Criminal and Juvenile Justice Project

Conyers Convenes Group to Discuss Youth Violence

Chicago's Black Legal Community Meets to Stem Youth Violence
Dawn Turner Trice
Chicago Tribune
May 13, 2013

Herschella Conyers is an attorney who, along with several judges, recently invited a bunch of people to the University of Chicago to talk about violence and the growing number of teens getting entangled in the criminal justice system.

Plan, Do, Reflect: Clinical Teaching at the Law School

Author: 
Meredith Heagney

Clinical teaching takes place in the classroom, in court, in business meetings, on the
streets of Chicago, and sometimes even in the US Supreme Court.

For a full week last fall, Professor Alison Siegler and Jason Feld, ’13, spent between 12 and 15 hours a day in the Mandel Legal Aid Clinic, writing an amicus brief for Alleyne v. United States, a US Supreme Court case on mandatory minimum sentences.

Major Victory for Criminal and Juvenile Justice Project Clinic

April 16, 2013

Sarah Staudt, Class of 2013, provides this update on a major victory in the clinic’s work on juvenile life-without-parole sentences:

A Juvenile Symposium - Living Like We're Bulletproof: The Public Health Crises of Youth Trauma & Violence

Date: 
04.20.2013
Location: 
Courtroom

The Illinois Judicial Council and the Criminal Juvenile Justice Clinic, The University of Chicago Law School presents A Juvenile Symposium, Living Like We're Bulletproof: The Public Health Crises of Youth Trauma & Violence. This is an all day symposium about the public health crises of youth trauma and violence.

Reflections on Menard Correctional Center and Juvenile Life-Without-Parole Sentences

March 8, 2013

Recently, clinic student Sarah Staudt ('13) and colleagues from the Criminal and Juvenile Justice Clinic interviewed two clients serving mandatory life-without-parole sentences at Menard Correctional Center.  Sarah's reflections on that experience follow:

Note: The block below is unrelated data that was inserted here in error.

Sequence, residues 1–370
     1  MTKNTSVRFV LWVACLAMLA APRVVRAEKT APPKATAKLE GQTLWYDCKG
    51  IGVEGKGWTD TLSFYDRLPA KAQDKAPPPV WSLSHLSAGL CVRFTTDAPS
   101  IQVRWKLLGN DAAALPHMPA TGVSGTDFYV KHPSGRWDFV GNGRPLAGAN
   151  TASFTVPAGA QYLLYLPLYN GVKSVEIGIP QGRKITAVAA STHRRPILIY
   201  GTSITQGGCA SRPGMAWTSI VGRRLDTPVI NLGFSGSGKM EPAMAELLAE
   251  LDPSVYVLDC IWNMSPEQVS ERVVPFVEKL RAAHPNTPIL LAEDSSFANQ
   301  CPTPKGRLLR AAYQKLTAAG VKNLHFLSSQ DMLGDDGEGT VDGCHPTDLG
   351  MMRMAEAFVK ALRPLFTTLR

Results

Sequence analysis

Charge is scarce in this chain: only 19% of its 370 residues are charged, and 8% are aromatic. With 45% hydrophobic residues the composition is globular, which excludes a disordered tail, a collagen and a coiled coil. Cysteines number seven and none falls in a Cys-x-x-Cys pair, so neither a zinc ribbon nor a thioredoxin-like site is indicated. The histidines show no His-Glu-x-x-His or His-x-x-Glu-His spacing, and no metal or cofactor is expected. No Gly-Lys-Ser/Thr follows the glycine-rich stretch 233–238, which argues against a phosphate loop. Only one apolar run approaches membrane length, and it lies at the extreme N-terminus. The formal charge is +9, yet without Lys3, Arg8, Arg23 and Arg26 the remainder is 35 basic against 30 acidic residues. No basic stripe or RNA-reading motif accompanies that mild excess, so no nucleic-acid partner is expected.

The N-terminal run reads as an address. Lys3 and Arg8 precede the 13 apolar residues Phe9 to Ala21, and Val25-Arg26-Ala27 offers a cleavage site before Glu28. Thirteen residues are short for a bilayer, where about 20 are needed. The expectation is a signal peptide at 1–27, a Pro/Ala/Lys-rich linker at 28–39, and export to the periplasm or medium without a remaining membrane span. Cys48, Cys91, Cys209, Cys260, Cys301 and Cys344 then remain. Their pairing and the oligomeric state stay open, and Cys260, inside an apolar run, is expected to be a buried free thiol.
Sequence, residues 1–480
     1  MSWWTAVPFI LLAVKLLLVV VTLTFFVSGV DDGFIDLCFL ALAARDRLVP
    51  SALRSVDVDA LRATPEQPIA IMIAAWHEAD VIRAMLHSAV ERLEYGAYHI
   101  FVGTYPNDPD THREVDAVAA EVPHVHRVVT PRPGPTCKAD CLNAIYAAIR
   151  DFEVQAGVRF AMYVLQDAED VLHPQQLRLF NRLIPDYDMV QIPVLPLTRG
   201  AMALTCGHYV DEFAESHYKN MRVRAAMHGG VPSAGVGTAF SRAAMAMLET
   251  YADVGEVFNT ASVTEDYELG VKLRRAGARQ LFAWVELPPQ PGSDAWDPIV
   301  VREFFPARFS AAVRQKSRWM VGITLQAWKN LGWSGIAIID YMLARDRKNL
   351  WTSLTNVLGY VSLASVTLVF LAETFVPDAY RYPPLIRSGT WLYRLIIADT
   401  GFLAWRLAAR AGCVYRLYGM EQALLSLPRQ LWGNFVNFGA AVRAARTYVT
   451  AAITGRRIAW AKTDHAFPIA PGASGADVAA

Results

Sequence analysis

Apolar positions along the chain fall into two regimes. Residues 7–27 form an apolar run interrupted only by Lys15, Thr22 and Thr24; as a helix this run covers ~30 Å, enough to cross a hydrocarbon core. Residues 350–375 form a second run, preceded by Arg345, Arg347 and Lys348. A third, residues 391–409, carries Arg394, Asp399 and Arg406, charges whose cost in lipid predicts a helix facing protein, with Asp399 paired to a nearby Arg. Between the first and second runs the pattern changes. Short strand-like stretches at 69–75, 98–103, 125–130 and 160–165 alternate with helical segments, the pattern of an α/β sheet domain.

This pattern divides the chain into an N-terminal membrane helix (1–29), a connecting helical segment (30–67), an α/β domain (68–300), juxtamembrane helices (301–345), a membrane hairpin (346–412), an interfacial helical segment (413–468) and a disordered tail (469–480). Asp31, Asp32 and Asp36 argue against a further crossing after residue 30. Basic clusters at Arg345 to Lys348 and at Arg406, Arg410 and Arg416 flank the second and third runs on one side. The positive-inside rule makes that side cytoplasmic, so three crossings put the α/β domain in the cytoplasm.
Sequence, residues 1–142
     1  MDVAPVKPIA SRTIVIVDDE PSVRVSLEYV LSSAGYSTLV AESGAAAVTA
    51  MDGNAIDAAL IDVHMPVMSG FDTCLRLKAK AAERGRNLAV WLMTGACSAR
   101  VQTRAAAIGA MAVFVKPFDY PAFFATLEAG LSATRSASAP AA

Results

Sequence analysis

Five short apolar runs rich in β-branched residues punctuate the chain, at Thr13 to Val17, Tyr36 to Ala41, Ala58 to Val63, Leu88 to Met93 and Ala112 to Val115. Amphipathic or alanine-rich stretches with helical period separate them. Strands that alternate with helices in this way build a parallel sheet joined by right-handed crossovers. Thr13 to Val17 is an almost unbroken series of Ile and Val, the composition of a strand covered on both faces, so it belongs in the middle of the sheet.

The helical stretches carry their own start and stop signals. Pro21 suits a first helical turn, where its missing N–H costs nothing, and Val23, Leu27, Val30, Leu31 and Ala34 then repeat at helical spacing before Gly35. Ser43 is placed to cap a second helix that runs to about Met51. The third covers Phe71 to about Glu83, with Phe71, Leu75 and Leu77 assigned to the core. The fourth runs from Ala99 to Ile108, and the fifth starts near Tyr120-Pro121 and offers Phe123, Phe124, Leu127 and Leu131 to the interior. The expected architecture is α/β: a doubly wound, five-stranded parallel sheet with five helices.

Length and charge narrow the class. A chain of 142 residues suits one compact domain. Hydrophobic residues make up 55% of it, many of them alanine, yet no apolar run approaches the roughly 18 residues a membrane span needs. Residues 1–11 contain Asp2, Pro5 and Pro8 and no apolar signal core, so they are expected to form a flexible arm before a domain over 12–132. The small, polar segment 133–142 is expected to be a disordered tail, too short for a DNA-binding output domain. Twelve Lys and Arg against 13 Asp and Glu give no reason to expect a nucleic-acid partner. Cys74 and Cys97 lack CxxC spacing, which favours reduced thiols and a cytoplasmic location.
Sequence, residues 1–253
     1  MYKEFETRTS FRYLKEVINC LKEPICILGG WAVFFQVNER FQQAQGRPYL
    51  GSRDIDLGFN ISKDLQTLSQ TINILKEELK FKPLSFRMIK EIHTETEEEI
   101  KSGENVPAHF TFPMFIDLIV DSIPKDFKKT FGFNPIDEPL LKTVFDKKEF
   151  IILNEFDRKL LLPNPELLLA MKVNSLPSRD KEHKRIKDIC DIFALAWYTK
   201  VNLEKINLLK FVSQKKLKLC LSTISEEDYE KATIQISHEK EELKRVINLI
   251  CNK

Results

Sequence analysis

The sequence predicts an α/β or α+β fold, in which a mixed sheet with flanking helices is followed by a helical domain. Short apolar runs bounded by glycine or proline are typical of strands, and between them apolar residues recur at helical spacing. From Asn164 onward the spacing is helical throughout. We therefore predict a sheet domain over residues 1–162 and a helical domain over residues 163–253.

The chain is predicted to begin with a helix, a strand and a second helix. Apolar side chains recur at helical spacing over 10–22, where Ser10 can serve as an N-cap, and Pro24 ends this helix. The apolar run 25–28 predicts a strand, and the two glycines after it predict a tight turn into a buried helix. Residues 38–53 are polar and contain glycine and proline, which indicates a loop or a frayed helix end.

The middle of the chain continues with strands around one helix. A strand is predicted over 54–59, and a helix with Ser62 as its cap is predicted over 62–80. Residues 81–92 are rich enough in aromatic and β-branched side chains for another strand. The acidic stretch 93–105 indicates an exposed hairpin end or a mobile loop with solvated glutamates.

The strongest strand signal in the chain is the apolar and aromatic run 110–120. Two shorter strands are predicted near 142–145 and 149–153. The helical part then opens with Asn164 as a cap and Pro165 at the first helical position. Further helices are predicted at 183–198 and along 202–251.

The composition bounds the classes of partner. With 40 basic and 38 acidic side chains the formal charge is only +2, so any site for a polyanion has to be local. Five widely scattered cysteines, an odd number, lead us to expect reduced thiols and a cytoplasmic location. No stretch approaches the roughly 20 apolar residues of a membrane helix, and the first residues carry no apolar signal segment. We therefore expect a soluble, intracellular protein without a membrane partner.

Randolph Stone's Tribune Op-Ed on the Collateral Consequences of Stop-and-Frisk

Collateral consequences of stop-and-frisk
Randolph N. Stone
Chicago Tribune
March 6, 2013

Responding to concerns about gun violence in her South Side neighborhood, Chicago Treasurer Stephanie D. Neely recently called in a Tribune op-ed for the Chicago Police Department to adopt a "proactive and courageous" strategy known as "stop-and-frisk." Neely compared people randomly being stopped and searched on the city's streets to passengers going through airport security.

Faculty: 
Randolph N. Stone

Kane Center Clinics Hiring for Summer 2013

2013 Summer Jobs in the Kane Center Clinics
Law School Office of Communications
January 8, 2013

In summer 2013 the clinical law program plans to hire a number of law students to work in the various clinics in the Kane Center.  Positions will be open for the following clinics:

Faculty: 
Jeff Leslie

Randolph Stone on What is Needed to Create an Effective Indigent Defense System

Defending the Future The Fundamental Right to Effective Defense Counsel
Randolph Stone
To Build a Better Criminal Justice System (The Sentencing Project's 25th Anniversary Publication)
April 10, 2012

Twenty-five years from now, every indigent person accused of crime will be defended by a lawyer who provides zealous and loyal representation. Depending on your familiarity with the American legal system, you probably either assume such representation already occurs—or that the prospect is a pipe dream. Either way, you’re wrong.

Faculty: 
Randolph N. Stone

Longtime Clinic Case Reaches Its End

Longtime Clinic Case Reaches Its End
Lynn Safranek
Law School Office of Communications
June 8, 2010

The Edwin F. Mandel Legal Aid Clinic's Criminal and Juvenile Justice Project began representing Italo Sanders when he was 16 years old, accused of killing a man based on the word of a 7-year-old eyewitness in Chicago's Robert Taylor Homes.

Faculty: 
Randolph N. Stone
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